Tracy is an artist and costume designer, who has worked on movies such as The Big Easy, Great Balls of Fire and Tuesdays with Morrie. She is the daughter of Kenneth Tynan, who was a renowned “dandy” and a theater critic for the Evening Standard, The Observer, and The New Yorker, and Elaine Dundy, a successful novelist. She grew up in London in the 1950’s and 60s, where her life was filled with celebrity-packed parties and her parent’s famous friends—including Laurence Olivier, Vivien Leigh, and Orson Welles. Cecil Beaton and Katharine Hepburn were Tracy’s godparents.
When Tracy came into my class at UCLA, she had the desire to write a memoir about her highly unusual life, and not much of an idea where to start or how to do it. It was a tough challenge – because sometimes, people with the most dramatic life stories actually have the hardest time finding their way into their own story.
You can’t write about everything that ever happened to you, and you can’t rely on external drama to provide the meaning. On top of that, Tracy didn’t want to write a biography of her famous father. She wanted to tell her own story.
I believe that, in writing as in many other things, form follows function. If you want to write a sweeping multi-generational epic fantasy, you will necessarily need multiple narrators or an omniscient narrator. If you want to write a self-help book about getting divorced, you will necessarily need to break the process down chronologically. The first thing I do with any writer I work with is to try to get them to understand their point. What are they trying to say? That almost always leads to a clear understanding of the shape and structure that would best contain the tale.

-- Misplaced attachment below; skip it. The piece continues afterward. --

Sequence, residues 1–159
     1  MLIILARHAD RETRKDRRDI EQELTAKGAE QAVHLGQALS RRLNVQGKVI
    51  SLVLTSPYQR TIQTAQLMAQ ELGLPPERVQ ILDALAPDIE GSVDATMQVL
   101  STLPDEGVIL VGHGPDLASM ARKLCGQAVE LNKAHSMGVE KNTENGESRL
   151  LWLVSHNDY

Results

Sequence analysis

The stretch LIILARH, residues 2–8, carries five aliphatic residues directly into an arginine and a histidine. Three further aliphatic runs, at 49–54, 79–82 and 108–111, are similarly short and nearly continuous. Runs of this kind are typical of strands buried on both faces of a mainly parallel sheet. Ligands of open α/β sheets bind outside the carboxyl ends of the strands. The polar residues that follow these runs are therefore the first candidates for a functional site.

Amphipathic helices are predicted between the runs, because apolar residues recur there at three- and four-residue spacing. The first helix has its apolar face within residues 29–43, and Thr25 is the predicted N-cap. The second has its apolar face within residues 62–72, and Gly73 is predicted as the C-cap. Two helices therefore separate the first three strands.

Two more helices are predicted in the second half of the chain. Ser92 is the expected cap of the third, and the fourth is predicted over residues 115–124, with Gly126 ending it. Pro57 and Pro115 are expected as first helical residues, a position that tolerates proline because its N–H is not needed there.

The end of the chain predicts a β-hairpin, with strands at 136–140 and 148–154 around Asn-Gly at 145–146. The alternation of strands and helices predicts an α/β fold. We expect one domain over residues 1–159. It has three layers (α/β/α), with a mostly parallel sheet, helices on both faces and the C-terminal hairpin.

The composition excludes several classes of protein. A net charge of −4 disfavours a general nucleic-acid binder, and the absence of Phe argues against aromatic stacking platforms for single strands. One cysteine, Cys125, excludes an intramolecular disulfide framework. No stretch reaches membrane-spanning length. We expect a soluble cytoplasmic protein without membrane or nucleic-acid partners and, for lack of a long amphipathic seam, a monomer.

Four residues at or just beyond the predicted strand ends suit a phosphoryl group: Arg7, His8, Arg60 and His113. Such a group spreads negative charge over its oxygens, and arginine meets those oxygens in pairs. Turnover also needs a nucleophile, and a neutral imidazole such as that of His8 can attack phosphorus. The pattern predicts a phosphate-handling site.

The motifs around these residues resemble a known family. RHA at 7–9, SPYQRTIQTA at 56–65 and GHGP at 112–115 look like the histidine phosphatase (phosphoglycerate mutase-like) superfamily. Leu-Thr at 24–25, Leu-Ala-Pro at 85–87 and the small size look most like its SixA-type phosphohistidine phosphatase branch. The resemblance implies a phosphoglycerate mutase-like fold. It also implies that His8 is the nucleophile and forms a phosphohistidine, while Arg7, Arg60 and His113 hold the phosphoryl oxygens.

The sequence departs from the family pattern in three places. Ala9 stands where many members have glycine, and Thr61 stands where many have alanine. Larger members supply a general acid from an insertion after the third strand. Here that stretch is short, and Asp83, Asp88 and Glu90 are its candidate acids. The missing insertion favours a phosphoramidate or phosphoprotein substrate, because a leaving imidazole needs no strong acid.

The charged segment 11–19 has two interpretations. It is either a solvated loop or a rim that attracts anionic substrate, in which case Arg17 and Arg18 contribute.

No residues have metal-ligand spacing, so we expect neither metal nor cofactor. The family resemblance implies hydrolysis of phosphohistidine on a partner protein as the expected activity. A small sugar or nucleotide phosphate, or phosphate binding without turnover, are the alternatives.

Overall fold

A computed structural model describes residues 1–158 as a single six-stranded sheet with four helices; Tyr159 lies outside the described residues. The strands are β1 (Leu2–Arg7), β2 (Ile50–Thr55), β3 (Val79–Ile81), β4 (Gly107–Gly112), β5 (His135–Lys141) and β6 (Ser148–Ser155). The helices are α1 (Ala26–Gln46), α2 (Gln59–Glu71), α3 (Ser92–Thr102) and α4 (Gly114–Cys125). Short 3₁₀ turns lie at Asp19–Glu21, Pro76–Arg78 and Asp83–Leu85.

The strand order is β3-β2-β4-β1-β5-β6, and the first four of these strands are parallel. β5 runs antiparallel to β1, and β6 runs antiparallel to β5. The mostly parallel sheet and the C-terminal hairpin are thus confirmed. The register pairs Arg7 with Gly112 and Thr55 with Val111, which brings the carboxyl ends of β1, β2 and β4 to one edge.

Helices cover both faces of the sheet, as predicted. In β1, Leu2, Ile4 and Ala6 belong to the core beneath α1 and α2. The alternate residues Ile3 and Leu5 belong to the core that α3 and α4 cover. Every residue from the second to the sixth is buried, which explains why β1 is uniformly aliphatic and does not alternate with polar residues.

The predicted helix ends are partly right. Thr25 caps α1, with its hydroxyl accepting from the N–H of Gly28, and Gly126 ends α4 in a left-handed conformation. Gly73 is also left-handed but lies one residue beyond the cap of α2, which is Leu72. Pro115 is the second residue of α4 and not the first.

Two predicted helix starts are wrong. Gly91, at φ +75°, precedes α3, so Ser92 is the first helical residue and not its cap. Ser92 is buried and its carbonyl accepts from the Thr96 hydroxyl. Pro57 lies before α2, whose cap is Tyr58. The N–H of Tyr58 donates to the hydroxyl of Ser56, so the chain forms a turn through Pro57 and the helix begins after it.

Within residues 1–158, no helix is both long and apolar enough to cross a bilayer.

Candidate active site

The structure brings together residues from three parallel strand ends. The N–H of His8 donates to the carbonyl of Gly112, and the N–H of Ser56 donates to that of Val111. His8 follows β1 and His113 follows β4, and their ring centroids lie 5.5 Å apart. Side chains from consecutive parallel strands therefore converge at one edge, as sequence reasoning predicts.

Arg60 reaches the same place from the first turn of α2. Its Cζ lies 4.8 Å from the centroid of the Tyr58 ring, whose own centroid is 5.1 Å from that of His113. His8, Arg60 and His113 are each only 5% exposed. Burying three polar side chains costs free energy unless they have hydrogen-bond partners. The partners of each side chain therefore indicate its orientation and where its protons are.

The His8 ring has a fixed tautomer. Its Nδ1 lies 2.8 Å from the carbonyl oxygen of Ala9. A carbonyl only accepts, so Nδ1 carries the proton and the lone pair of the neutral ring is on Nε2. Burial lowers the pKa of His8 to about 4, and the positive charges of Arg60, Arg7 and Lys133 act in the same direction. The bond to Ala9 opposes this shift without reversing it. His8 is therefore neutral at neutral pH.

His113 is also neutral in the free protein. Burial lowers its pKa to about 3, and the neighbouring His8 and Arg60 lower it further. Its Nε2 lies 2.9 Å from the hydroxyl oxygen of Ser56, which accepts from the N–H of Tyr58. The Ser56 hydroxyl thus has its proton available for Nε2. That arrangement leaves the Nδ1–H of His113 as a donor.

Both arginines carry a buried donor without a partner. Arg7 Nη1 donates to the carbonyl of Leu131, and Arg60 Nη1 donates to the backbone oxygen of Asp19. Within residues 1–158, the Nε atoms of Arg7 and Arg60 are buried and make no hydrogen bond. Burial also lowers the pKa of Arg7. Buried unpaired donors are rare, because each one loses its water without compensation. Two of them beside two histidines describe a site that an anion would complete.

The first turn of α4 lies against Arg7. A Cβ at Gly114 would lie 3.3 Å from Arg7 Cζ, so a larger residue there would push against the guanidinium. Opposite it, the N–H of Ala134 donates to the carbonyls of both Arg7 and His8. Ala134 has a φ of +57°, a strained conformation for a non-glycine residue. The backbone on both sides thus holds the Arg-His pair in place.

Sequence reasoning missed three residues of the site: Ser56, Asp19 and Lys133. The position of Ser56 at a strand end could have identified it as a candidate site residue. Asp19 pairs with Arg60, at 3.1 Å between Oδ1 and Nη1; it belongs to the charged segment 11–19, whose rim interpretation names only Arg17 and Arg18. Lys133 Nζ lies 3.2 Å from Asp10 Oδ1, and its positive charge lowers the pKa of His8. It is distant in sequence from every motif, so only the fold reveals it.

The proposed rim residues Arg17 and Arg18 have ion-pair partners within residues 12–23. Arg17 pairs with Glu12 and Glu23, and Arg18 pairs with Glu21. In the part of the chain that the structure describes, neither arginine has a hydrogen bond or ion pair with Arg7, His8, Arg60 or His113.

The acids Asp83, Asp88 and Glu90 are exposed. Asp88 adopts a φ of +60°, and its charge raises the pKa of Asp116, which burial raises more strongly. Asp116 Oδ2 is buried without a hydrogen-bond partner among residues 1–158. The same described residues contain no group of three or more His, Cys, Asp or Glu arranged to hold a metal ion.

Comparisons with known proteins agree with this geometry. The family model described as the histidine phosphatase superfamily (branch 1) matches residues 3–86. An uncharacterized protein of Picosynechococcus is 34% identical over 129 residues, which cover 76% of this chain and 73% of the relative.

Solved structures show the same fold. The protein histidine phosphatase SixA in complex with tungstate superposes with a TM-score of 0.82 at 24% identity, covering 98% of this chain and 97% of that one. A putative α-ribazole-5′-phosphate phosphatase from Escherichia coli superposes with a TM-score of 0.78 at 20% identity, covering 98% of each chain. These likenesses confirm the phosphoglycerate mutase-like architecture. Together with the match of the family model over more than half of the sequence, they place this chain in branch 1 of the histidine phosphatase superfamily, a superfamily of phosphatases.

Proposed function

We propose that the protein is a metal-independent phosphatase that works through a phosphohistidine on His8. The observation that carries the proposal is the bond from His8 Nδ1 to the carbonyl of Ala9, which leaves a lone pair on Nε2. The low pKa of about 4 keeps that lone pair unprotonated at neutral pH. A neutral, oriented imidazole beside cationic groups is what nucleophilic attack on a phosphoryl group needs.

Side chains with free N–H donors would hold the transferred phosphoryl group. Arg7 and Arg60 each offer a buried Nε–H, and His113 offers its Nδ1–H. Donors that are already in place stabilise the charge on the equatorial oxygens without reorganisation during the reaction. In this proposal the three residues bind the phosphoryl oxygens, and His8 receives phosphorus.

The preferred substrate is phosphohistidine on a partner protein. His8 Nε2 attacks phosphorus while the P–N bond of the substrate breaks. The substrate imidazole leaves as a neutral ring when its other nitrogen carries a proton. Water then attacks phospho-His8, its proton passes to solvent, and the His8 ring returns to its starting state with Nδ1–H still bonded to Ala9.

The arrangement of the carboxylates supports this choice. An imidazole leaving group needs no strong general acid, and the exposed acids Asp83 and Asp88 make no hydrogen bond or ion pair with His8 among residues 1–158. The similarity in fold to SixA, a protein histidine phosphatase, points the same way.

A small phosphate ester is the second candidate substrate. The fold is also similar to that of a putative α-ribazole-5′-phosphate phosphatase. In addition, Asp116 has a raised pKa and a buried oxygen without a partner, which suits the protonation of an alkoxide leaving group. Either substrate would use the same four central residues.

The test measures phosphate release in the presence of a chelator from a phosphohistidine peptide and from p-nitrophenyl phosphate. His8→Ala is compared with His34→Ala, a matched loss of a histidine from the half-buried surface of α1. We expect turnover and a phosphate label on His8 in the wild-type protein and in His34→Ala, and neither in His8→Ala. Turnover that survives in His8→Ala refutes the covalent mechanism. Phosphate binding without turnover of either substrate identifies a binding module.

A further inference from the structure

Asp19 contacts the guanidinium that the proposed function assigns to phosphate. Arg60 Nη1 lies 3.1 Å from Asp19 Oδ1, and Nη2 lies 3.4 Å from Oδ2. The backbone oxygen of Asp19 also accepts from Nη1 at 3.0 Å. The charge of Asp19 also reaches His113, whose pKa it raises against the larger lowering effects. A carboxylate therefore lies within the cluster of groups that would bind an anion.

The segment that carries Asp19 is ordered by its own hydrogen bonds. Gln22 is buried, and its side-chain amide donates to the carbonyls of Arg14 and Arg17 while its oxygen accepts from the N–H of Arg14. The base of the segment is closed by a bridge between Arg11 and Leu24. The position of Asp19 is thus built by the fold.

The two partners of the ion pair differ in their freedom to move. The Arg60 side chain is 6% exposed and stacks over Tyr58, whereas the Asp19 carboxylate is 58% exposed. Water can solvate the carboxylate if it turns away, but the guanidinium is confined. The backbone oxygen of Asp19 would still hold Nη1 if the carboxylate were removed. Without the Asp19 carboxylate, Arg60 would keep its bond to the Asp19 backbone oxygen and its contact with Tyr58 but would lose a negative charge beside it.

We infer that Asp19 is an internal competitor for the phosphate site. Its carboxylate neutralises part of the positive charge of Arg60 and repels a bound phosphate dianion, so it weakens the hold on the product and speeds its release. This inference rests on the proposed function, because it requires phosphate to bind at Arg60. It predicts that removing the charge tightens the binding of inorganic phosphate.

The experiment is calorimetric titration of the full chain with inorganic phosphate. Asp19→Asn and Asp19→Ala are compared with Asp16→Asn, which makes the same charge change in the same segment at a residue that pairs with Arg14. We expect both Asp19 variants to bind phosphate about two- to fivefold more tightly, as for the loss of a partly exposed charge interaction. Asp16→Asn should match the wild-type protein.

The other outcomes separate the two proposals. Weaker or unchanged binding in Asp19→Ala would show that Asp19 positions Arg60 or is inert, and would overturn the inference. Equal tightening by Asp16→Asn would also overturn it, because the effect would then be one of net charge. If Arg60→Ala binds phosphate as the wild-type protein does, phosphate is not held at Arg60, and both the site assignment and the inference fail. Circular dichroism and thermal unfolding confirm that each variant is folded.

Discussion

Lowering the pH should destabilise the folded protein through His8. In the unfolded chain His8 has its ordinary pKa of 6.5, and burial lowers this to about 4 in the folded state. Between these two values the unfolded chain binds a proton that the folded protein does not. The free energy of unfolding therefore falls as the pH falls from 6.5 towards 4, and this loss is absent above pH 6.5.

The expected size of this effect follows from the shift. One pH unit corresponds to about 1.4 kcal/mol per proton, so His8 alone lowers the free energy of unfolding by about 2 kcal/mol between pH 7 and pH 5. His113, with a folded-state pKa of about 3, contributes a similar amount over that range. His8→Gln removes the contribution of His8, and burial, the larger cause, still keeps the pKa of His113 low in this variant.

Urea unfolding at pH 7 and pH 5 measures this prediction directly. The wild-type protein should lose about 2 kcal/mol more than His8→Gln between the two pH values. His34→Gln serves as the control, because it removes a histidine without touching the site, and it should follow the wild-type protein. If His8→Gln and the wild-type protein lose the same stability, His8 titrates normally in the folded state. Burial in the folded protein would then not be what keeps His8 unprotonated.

Tracy’s belief is that what we wear can inform our identity and transform our lives. Her famous and eccentric parents used clothing to tell one story and as she grew into herself, Tracy used it to tell another.
One of the first pieces she shared in my class was a story about a pair of apple green leather shoes that were one of the first purchases she made for herself, at age 14 – an extravagant and expensive purchase her mother disapproved of. Tracy knew, however, what those shoes represented and why she had to have them. “Those green shoes were only the beginning of a love long affair with shoes,” she writes in her book, “They also were the beginning of walking on my own two feet, walking away from my parents and towards freedom.”
Tracy devised a Table of Contents around clothing – The Lemon-Yellow Underpants, The Brown Wellington Boots, My Mother’s Pucci Dress, The Striped Silk Socks, The Black Trend Coat. It worked beautifully to shape and contain her story. Her memoir is rich in detail, entertaining, moving, and deeply authentic – a tough trick to pull off in the midst of all the sensationalism she had at her fingertips.
She has received wonderful reviews from everyone from The Wall Street Journal to Harper’s Bazaar. They all refer to the unusual structure of the book, and they all attest to the truth that the form of a thing serves to amplify its message – which is as true of a piece of clothing as it is of a book. Here is Liesl Schillinger's summation of that message from her review in the New York Times:
“As you read, you marvel at the author’s resilience; the girl with the apple-green shoes acceded to a bigger role than she had ever expected, and found that she knew how to dress the part.”